Soapbox: Sexist Lyrics
Updated: Oct 12, 2019
This feature originally appeared in Songlines #146 (April 2019) p97
Unless you’ve been living under a rock for the last two years, you have probably noticed that women are having a moment. Between festivals pledging to implement 50/50 gender split line-ups by 2022 to hashtag movements like #MeToo and #TimesUp, women are constantly in the news and making their voices heard. Even Doctor Who got a sex change.
However, whether our moment will be positive or negative is yet to be seen. As noted feminist Susan Faludi highlighted back in 1991, every step forward is met with backlash. In September, Dr Christine Blasey Ford was given the chance to testify against US Supreme Court candidate Brett Kavanaugh (who raged with self-pity and entitlement against Dr Ford’s calm and collected testimony) and yet, he was still confirmed. In August, Serena Williams’ catsuit (worn for medical reasons) was policed by the French Tennis Federation. I guess that being the best female tennis player in history and even winning the Australian Open while pregnant isn’t enough because, you know, vaginas. The past couple of years have also seen a marked rise in violence connected to the ‘incel community,’ an online subculture of largely young, white, heterosexual males who claim to be ‘nice guys’ perpetually stuck in the friend zone. Now, I could be wrong, but I’m pretty sure you won’t find a definition of ‘nice’ anywhere that includes mass killings like the one that happened in Toronto on April 23 2018. And what ever happened to International Men’s Day, amirite?
I am a proud feminist and there are few things that rile me more than injustices against women. My pink pussyhat is always at the ready and at house parties I can usually be found clearing rooms as I rage about the patriarchy. I’m particularly critical of how women are represented in media and the arts. I’ve spoken on international panels about women in music, calling for better representation. Women need to see themselves reflected positively in order to help foster female empowerment and creativity.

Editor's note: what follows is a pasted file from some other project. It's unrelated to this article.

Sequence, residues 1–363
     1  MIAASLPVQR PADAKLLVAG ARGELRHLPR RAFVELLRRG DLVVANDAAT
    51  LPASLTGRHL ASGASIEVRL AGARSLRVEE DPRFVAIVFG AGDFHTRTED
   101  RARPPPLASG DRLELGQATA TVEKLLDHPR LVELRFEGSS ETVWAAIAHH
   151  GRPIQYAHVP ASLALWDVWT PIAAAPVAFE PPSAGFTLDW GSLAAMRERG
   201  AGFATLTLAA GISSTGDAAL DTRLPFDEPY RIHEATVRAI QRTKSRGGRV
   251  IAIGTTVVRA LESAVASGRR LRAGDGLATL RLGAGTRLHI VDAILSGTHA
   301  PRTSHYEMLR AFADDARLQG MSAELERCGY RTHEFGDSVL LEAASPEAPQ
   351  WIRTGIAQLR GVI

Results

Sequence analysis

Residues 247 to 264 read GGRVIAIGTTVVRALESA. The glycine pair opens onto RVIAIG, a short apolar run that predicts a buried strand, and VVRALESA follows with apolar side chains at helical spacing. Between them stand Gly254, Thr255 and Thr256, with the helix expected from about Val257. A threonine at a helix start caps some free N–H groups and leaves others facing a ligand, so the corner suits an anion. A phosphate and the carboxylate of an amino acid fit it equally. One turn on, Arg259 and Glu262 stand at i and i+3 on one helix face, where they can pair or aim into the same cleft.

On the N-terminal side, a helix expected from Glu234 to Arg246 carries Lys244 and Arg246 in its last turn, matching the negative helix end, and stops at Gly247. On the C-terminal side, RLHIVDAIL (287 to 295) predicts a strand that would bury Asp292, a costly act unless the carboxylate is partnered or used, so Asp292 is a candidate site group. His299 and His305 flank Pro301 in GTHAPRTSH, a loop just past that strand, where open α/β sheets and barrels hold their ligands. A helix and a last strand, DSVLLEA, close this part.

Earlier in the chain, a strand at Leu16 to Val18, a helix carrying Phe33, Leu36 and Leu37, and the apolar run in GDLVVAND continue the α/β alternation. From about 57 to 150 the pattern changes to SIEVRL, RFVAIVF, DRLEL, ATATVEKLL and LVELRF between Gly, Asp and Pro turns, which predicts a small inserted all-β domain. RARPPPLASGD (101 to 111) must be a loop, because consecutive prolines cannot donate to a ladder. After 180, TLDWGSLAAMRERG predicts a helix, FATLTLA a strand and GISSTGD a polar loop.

While the music industry has a long way to go, it has taken steps in the right direction, with festivals leading the way. There are other excellent initiatives that are helping to change the scene, like PRS’s Women Make Music and In Place of War’s GRRRL. It is great to see more and more women take to the stage, but representation in music goes beyond who’s making it. Women need to be positively reflected in the music as well. Equality will never be reached if as a society we continue to consume music with sexist videos or lyrics.
It’s no new revelation that pop music is rife with sexist lyrics; thankfully though, a lot of it is very easy to boycott. I can live happily ever after never listening to another track by The Prodigy in protest against ‘Smack My Bitch Up’. Boycotting ‘Blurred Lines’, the track by Robin Thicke that makes a mockery of consent, is a cinch because it’s just budget Marvin Gaye. Thicke certainly doesn’t help his case in interviews; when asked about whether the song was degrading to women, Thicke told GQ: ‘What a pleasure it is to degrade a woman. I’ve never gotten to do that before. I’ve always respected women.’ Oh. Well, in that case, as you were.